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Botanical Description & Habitat

Myristica fragrans


Common Names:

Nux moschada


The nutmeg tree provides 2 slightly different spices.

Mace is the outer seed cover of nutmeg. (This is not used for the debilitating spray!)

Tropical areas, including West Indies, South Africa, Molucca Islands.

Medicinal Parts

Seed cover

Historical Properties & Uses

Here is a common spice, found in almost every household, and is potentially extremely toxic. In small quantities, nutmeg is one our most distinct flavoring agents. It is also an important part of certain curries.

The ingestion of as few as two nutmegs can be lethal. In between a little and too much are doses that can cause hallucinations.

Normal uses of nutmeg are good for the stomach, acting to increase appetite, dispel flatulence, cure indigestion. In some parts of the world, nutmeg is considered an aphrodisiac, emmenagogue and abortifacient, though these uses have not been confirmed by science.

This herb has not achieved approval status by the German Commission E. Either there was insufficient evidence in favor, or a contraindication.


Blumenthal, M (Ed.): The Complete German Commission E Monographs: Therapeutic Guide to Herbal Medicines. American Botanical Council. Austin, TX. 1998.

Method of Action

The Pharmacology of Nutmeg
Nutmeg contains substantial amounts of essential oil, including myristicin, elemicin, safrol, myristic acid, palmitic, oleic, linoleic and lauric acids. Whatever medicinal effect nutmeg may have resides in the action of the oil.

Many attempts to associate individual components with liver and malignant toxicity (such as myristicin and safrol) have been made by the medical community, but there exists no research to substantiate such action.

Since nutmeg is a curry herb, one would expect it to have certain beneficial action on the blood. At least one study has confirmed an anti-platelet aggregation action in nutmeg.

The British Herbal Pharmacopoeia recognizes nutmeg as a carminative, spasmolytic, antiemetic, orexigenic, gastric secretory stimulant and prostaglandin inhibitor, for use in the treatment of flatulent dyspepsia, nausea, diarrhea, and dysentery.

A topical application is also recognized, as an antirheumatic for rheumatic pain. Combined with camomile, lemon balm, marsh mallow and hops in nervous dyspepsia, with acorus, geranium, oak and black catechu in diarrhea and dysentery.

Drug Interactions & Precautions

Possible Interactions
The antacid nature of nutmeg may decrease or delay the absorption of nalidixic acid and the sulfonamides.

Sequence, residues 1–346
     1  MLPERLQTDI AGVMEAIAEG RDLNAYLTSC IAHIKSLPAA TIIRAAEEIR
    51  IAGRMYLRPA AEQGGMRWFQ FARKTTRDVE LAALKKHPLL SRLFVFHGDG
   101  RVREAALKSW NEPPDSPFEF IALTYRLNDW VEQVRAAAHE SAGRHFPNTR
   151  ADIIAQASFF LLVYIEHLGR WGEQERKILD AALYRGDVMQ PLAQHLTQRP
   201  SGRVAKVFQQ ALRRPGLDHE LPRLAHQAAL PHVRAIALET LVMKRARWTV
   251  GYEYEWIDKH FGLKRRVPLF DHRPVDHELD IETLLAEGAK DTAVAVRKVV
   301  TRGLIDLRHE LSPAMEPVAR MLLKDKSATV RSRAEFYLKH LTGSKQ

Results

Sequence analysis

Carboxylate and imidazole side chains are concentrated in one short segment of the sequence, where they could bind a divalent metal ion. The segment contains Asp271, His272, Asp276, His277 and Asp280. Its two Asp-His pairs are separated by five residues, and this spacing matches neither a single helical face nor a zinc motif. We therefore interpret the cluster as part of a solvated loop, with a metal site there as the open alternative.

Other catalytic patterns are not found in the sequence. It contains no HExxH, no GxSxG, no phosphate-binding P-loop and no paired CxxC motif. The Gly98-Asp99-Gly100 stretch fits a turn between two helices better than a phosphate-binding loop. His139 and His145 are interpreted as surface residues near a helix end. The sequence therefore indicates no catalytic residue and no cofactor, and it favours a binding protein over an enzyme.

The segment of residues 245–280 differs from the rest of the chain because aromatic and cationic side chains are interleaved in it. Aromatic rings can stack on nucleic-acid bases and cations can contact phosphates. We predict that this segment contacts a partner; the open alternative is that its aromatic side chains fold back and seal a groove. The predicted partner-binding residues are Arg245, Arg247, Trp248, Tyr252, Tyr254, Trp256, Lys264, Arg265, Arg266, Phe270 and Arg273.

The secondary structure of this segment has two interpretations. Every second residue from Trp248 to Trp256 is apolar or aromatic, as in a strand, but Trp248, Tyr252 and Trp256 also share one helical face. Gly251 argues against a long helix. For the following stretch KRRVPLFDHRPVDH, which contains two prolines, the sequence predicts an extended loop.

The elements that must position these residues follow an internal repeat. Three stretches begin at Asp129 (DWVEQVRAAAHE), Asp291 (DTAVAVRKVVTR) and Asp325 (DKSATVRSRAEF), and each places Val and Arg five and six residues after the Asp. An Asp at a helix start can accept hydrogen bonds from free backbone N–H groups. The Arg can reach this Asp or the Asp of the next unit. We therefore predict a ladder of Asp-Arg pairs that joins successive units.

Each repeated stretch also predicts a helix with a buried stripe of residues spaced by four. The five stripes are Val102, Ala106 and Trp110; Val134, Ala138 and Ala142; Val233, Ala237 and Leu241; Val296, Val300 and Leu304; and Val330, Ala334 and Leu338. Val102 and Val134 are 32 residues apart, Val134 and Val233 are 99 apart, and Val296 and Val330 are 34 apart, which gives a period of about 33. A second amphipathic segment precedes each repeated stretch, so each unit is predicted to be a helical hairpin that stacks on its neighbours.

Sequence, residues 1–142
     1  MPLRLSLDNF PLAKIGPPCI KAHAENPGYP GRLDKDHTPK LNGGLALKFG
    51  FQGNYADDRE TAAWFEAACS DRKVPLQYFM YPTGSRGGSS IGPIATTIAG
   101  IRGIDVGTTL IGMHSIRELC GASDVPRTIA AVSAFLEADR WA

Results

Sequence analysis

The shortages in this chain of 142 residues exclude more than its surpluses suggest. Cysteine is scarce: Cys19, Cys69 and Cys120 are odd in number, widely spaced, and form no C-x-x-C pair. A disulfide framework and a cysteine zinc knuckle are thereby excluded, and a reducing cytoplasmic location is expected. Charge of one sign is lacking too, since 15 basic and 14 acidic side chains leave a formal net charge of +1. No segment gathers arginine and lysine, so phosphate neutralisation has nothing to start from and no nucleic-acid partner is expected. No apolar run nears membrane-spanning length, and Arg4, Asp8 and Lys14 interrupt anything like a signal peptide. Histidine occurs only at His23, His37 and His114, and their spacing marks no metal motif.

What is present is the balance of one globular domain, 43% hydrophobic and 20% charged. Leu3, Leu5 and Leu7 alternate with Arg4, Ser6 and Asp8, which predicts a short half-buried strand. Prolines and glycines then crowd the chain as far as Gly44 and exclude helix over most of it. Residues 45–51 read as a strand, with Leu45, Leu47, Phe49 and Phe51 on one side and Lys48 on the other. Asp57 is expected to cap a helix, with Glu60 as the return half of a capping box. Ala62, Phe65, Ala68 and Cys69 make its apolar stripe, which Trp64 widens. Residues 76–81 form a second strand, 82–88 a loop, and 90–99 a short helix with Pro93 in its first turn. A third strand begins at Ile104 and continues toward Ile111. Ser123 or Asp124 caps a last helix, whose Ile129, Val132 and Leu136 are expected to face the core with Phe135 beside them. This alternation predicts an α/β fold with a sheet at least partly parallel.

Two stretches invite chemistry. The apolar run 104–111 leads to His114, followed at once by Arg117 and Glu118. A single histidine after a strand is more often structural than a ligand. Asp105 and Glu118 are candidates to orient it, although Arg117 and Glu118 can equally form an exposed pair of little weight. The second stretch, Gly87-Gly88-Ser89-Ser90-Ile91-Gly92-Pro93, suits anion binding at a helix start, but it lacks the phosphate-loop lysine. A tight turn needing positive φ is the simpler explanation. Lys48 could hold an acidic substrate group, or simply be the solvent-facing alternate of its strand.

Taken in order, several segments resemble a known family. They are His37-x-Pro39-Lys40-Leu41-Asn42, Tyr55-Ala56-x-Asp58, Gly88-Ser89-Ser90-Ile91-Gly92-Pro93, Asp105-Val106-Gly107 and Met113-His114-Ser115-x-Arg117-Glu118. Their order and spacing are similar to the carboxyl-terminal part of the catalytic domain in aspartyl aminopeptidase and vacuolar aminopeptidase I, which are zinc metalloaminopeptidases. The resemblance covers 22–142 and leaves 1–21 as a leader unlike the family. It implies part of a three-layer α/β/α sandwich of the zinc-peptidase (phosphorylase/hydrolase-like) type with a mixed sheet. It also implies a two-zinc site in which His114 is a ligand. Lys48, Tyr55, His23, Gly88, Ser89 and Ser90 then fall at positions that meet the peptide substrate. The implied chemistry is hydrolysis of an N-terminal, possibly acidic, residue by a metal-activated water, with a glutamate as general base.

Due to the spasmolytic nature of nutmeg it may interact in unknown ways with CNS depressants or stimulants.

In the absence of other hard data, it may still be assumed observable interactions may occur between the many central nervous system drugs and the psychoactive principles in nutmeg.

Safety Factors & Toxicity

On any list of toxic plants, nutmeg is right there at the top of the list, yet its everyday use is never questioned by the FDA. That's fortunate for those Americans with enough sense to use it correctly, and too bad for those who don't.

Nutmeg toxicity begins with mild hallucinations, often associated with severe stomach pain, double vision, delirium, weak pulse, hypothermia, clamminess of the extremities, giddiness, vertigo, etc., ending in severe physical collapse. 2 whole nuts or 2 tablespoons of commercial ground nutmeg is required. (Mack, 1982)

Death can occur if too much (two nutmegs) is used.

The German Commission E notes the possibility for psychoactive and abortifacient effect from large doses.


Blumenthal, M (Ed.): The Complete German Commission E Monographs: Therapeutic Guide to Herbal Medicines. American Botanical Council. Austin, TX. 1998.

Preparation & Administration

Be sure to read toxicity data before using.

Use three times daily.

Use 0.3-1g of powdered dried seed.

Note: This Herbal Preparation information is a summary of data from books and articles by various authors. It is not intended to replace the advice or attention of health care professionals.


Braun, H. & D. Frohne. Heilplanzen-Lexikon Fuer Aerzte und Apotheker. Gustav Fisher Verlag, Stuttgart, New York, 1987.

British Herbal Pharmacopoeia, British Herbal Medicine Association, 1983.

Duke, J.A. CRC Handbook of Medicinal Herbs, CRC Press, Inc., Boca Raton, Florida, 1985.

Facts and Comparisons. The Lawrence Review of Natural Products. Sep, 1995.

Gupta, S et al., Int. J. Pharmacognosy, 1992, 30(3):179-183.

Hussain, SP & Rao, AR: Chemopreventive action of mace (Myristica fragrans) on methylcholanthrene-induced carcinogenesis in the uterine cervix in mice. Cancer Lett. 1991, 56(3):231.

Jannu, L et al., Chemopreventive action of mace (Myristica fragrans) on DMBA-induced papillomagenesis in the skin of mice. Cancer Lett. 1991, 56(1):59.

Janssens, J et al., J. Ethnopharmacol. 1990, 29(2):179-188.

Mack, RB: N. Carolina Med. 1982, Jun:439.

Mowrey, Daniel B., Ph.D. Exper. Psych., Brigham Young University. Director of Nebo Institute of Herbal Sciences. Director of Behavior Change Agent Training Institute. Director of Research, Nova Corp.

Rasheed, A, Lackerman, G.M., et. al. Pharmacological influence of nutmeg and nutmeg constituents on rabbit platelet function. Planta Medica, 50(3), 222-226, 1984.

Schauenberg, P. & Paris, F. Guide to Medicinal Plants, Keats Publishing, Inc., New Canaan, Connecticut, 1977.

Van Gils, C & Cox, PA: Ethnobotany of nutmeg in the Spice Islands. (Review) J. Ethnopharmacol. 1994, 42(2):117.

Weiss, R.F. Herbal Medicine. Beaconsfield Publishers, LTD, Beaconsfield, England, 1988.

Wills, S: Pharm. J. 1993, 251:227-229.


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